Sometimes I still imagine going back and pursuing that track, but I know how frustrating it would be to try to do something all-inclusive like that where it’s most needed (in religious, not public schools). And I’m happy in my chosen profession, passing on the love of stories, reading, and creativity to kids at the local library. And I’m good at it. My cow impression is spot-on. (I bet you’ve never seen a rabbit moo before).

I don’t presume to know how to how to teach high school – regardless of what class it is. I don’t know how to create an English Literature 101 Reading List. But I do know how to create a Story Time program for pre-schooolers. So, now that you’ve read my unexpected rant about the state of religious education in parochial schools, I’ll present you with the reading list (and craft) for my first scheduled Story Time of the Fall.

We’ll be reading about whales – because whales are the biggest living mammal, and the first Story Time of the season is a big deal!


Can you believe this Dick? Just making himself at home in my living room.

Our reading list includes I’m the Biggest Thing in the Ocean by Kevin Sherry, I Spy With My Little Eye by Edward Gibbs, A Big Guy Took My Ball by Mo Willems, If You Want to See a Whale by Julie Fogliano, and Down by the Bay by Raffi.


For the craft, we’ll make whales out of blue plastic cellophane baggies (found at any party store).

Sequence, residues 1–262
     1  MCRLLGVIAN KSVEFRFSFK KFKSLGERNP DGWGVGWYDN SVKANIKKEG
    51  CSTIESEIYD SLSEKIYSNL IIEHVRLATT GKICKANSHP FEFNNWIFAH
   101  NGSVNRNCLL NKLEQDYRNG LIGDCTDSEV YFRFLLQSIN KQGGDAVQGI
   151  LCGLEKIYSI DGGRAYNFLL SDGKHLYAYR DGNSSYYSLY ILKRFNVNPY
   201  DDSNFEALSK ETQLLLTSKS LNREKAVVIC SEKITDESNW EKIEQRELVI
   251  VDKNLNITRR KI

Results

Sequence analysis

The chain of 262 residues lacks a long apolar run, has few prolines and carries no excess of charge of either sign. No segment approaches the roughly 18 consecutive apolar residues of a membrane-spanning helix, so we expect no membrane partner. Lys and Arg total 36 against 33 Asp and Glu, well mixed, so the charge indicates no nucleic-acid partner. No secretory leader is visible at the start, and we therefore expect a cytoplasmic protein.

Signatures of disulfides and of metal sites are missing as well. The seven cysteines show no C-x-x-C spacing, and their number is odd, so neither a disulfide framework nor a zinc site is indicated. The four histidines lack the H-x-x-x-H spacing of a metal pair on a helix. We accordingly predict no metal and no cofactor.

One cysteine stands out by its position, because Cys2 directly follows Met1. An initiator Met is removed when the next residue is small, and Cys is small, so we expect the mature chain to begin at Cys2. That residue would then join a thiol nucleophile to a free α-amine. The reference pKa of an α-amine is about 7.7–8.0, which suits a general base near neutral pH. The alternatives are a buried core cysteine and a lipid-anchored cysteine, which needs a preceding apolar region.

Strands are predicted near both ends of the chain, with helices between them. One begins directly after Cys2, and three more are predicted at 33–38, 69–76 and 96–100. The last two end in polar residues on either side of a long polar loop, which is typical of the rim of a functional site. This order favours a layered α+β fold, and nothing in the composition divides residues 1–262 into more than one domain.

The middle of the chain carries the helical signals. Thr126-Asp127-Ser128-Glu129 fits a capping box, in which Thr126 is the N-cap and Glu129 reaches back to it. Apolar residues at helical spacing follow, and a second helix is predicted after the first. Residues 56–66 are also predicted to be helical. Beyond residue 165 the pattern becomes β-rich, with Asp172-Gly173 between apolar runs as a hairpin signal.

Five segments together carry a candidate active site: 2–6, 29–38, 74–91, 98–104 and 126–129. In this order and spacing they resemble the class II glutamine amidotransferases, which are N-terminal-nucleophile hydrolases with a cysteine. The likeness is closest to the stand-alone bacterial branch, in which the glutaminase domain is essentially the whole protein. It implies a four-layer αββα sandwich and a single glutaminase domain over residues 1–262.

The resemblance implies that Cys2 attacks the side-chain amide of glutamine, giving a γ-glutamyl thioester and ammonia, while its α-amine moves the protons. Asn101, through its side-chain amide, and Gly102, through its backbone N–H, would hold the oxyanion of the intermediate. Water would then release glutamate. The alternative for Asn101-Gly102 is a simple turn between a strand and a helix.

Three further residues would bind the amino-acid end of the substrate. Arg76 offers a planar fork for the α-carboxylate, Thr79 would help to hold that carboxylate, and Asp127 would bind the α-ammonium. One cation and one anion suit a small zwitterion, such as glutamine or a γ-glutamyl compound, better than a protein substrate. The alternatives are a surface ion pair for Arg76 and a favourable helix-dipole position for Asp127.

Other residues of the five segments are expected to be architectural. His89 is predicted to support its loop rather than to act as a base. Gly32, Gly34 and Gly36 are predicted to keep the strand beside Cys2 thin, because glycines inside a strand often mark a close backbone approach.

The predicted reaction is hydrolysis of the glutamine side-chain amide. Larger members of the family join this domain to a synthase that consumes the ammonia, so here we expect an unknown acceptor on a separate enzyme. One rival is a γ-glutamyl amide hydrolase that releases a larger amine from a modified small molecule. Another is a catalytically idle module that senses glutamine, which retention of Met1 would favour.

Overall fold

In addition to the baggies, other necessary materials include:

  • a glue stick
  • crayons (especially various blues)
  • sequins
  • pipe cleaners (preferably blue, white, or green)
  • googly eyes (I used some leftover, enormous Cookie Monster-like eyes made of paper)
  • pre-cut construction paper fishies
  • twist ties or yarn
  • plain white paper

First, the kids will decorate the fishies: color them, stick sequins on them to look like scales, do whatever they please. Then, they color two plain white pieces of paper to look like seawater – utilize the blue & green crayons, draw some waves. When they’ve finished, open the blue cellophane baggie. Stick the fishies down the bottom near the seam, facing outward. The seam will become the whale’s mouth and the fishies will be eaten! Next, crumple up the pieces of paper loosely, and stick both down toward the fishies in the whale’s “head” (they definitely swallow a lot of water!) to create dimension. Tie the whale off in the middle with a twist tie or piece of yarn. Glue on the eyes. Curl the pipe cleaners around a pencil or your finger to make them curly. Then, gently poke them into the top of the whale’s “head.” This is the spout/water coming out of the blowhole. You may need to fiddle with them a bit to get them to stick up right. And ta-da! You have yourself a a ridiculous-looking behemoth!